Blu-ray Review: MY NEIGHBOURS THE YAMADAS

When Studio Ghibli is mentioned, one tends to think, first, of the great films of Hayao Miyazaki whose Spirited Away and Princess Mononoke drew widespread attention to the Japanese animation studio a decade ago. Images come to mind of determined heroines defying gravity as they swoop over bright blue seas and through pure white clouds €“ and of worlds full of biplane-flying pigs, folkloric forest creatures and bizarre, yet oddly toyetic, seed-planting monsters. Yet in 1999, whilst riding high off of the success of the action heavy crowd-pleaser Princess Mononoke, Studio Ghibli made a bold change of direction with the release of My Neighbours the Yamadas €“ an offbeat and stylised film about the day-to-day life of a family of five, now available for the first time on Blu-ray. Director, Isao Takahata, had long been a counterbalance against the work of Miyazaki prior to Yamadas, with the tragic Grave of the Fireflies and the sublimely banal Only Yesterday contrasting the free-spirited fantasy fun of his colleague€™s output. Even Takahata€™s forays into more imaginative worlds, such as that of Pom Poko (which is about shape-shifting racoons), have tended to wear an earnest social conscience on their sleeve and set a darkly satirical tone. But even so, the simplistic line-drawings and watercolour palette of Yamadas reflect his most extreme departure from the house style to date. Yamadas is a sophisticated series of brief vignettes adapted from a newspaper cartoon strip. It feels something like the Japanese equivalent of Peanuts: there is a wistful and contemplative air to much of it, as we hear poems by the likes of Basho quoted over images of the changing seasons. Unlike most animated features, it€™s not short of silence and stillness. It€™s also mostly plotless and the filmmakers€™ respect their audience enough to trust them to find humour in the smallest, low-key moments. At times it€™s got far more in common with Mike Leigh than Walt Disney. But don€™t be fooled by the film€™s slow pace and seeming aimlessness: My Neighbours the Yamadas is every bit as grand and ambitious as a Howl€™s Moving Castle or Ponyo. Yamadas is a touching human story, dealing with all the highs and lows of life with as much casual grace as Pixar€™s Up. As grandma watches the cherry blossoms falling and contemplates how much time she has left we see that, in a surprising way, the stylised graphical approach lends itself to great moments of intimacy and an emotional approach to storytelling. It€™s alive with complex ideas and richly experimental in terms of form. I wouldn€™t seek to raise the formally experimental and thoughtful My Neighbours the Yamadas above fantastic adventure stories like Castle in the Sky or Porco Rosso. But it€™s certainly equally good and not to be overlooked on account of its oddness.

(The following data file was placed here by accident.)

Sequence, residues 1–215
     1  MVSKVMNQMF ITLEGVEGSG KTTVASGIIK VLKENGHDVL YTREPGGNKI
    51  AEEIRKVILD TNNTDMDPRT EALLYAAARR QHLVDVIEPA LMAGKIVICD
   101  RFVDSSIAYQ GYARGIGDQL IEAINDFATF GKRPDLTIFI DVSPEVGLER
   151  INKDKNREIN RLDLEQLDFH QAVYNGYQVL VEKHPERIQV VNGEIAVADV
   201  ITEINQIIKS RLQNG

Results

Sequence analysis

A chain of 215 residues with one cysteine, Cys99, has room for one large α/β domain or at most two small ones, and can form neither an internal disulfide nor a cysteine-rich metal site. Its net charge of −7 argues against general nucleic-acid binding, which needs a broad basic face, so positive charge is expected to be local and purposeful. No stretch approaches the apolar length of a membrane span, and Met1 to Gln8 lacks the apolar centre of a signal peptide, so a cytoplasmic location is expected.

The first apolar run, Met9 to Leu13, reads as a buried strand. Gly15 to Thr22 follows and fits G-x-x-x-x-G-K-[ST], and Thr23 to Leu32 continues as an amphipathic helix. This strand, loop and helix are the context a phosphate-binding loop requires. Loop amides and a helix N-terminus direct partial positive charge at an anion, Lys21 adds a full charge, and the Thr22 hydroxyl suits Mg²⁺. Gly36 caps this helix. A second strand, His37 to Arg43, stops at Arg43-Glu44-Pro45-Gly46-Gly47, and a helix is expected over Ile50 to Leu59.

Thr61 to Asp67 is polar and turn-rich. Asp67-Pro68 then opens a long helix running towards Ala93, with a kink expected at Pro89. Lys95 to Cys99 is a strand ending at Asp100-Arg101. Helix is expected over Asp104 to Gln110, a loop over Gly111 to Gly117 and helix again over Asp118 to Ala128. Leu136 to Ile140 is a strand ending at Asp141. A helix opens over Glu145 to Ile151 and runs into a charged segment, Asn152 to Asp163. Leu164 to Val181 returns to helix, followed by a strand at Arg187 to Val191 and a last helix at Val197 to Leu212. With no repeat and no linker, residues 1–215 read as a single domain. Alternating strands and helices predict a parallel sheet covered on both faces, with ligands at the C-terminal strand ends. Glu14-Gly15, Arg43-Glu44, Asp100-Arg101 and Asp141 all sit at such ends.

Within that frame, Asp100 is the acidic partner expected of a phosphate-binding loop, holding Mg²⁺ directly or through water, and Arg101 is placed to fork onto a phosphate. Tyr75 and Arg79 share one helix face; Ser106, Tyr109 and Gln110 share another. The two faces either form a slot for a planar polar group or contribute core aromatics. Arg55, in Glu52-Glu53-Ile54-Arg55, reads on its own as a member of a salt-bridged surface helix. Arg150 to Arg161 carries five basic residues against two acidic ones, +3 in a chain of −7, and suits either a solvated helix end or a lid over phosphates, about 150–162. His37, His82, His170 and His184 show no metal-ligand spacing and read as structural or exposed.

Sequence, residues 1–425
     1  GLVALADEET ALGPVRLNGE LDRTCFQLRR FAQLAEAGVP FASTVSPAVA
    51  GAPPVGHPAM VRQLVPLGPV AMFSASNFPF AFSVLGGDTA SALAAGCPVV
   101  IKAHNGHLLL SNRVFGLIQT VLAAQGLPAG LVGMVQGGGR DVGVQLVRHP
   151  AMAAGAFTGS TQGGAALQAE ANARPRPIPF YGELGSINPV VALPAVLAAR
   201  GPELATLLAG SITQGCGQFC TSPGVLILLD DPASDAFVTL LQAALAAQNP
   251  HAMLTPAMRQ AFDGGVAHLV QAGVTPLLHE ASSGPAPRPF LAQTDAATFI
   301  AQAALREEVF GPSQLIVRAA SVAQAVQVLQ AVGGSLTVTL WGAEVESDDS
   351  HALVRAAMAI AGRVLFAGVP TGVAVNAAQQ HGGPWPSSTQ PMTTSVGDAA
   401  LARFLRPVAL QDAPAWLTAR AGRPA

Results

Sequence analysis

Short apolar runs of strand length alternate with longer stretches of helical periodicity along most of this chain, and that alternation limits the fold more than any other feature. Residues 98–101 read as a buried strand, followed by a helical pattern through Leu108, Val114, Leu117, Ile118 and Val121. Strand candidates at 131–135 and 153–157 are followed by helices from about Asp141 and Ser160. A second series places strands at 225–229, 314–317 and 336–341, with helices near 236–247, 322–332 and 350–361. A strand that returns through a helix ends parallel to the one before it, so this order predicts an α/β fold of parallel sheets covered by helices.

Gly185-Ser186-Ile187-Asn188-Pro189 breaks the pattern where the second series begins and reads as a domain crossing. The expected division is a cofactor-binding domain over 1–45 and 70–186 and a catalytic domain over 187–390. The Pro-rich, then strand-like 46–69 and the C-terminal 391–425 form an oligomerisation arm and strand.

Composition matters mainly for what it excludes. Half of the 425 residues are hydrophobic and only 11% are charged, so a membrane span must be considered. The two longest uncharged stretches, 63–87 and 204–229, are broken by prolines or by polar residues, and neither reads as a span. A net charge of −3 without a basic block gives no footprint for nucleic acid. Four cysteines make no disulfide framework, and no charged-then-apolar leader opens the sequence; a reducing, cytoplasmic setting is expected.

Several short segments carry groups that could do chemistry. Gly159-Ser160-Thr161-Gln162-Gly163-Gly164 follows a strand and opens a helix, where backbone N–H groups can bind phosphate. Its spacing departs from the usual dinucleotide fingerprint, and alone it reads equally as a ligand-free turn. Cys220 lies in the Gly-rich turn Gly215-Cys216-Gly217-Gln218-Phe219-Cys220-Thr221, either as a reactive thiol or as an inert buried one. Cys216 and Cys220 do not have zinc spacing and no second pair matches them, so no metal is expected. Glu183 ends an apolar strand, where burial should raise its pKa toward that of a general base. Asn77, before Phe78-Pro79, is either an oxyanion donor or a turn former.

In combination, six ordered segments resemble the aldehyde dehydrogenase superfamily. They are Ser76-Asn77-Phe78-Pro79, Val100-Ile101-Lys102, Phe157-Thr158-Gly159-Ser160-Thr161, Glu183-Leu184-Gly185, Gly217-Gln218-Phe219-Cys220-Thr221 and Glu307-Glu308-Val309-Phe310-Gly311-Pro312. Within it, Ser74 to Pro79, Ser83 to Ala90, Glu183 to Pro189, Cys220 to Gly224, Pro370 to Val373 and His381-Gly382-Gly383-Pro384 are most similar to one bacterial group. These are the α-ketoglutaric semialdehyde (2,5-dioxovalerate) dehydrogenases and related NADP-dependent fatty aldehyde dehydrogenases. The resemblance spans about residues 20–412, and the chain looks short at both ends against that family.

Extras

The most recent Studio Ghibli Region 2 DVD releases were disappointingly vanilla in terms of extra content, offering lots of storyboards and a generic trailer reel. Happily the Blu-ray release of My Neighbours the Yamadas has been given more a compelling feature set. The storyboards and trailers still remain (only more so, with Japanese and international trailers and TV spots added to the mix), whilst there are two nice documentary additions. The first is a detailed look behind the scenes of the Pixar-orchestrated American dub of the film, which features Jim Belushi as the father. It would be fashionable to reject the US dub out of hand, but the time and effort put into the localisation of these Ghibli releases makes them a viable and credible alternative for those allergic to subtitles. There is also a Japanese-made documentary, which runs around 45 minutes in length, covering the film€™s inception, production history and release in amazing, candid detail. Far from the usual €œmaking of€, which would typically be a polite and self-congratulatory advert, the documentary on offer here contains interviews in which, for instance, Miyazaki criticises Takahata€™s filmmaking, saying €œI wouldn€™t make a film like this myself€ and nor would I want to watch it.€ Takahata does likewise, telling the documentary crew that Miyazaki€™s fantasy films are misleading and dishonest. It€™s baffling and brilliant to behold this odd turf war between two undisputed masters and lifelong collaborators. Are they having a joke with us? It doesn€™t look that way, but maybe something is being lost in translation. In any case, it makes for decent viewing, especially in the lengthy scenes that show us members of the Japanese cast throwing tantrums in the recording suite, with one boy€™s mother called in to forcibly make him read his lines as he bawls his eyes out. This may be a bit of a stretch, but the tone of this documentary is strangely appropriate given the feature it supports, in that both nakedly portray human frailties without cynicism or sentimentality. As well as entertaining, the documentary is also damned insightful, with the narrator paralleling Takahata€™s work with that of Ozu and with the director going into detail about his love of an obscure Canadian animation, Crac by Frédéric Back. My Neighbours the Yamadas is available on Blu-ray now.
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Contributor

A regular film and video games contributor for What Culture, Robert also writes reviews and features for The Daily Telegraph, GamesIndustry.biz and The Big Picture Magazine as well as his own Beames on Film blog. He also has essays and reviews in a number of upcoming books by Intellect.

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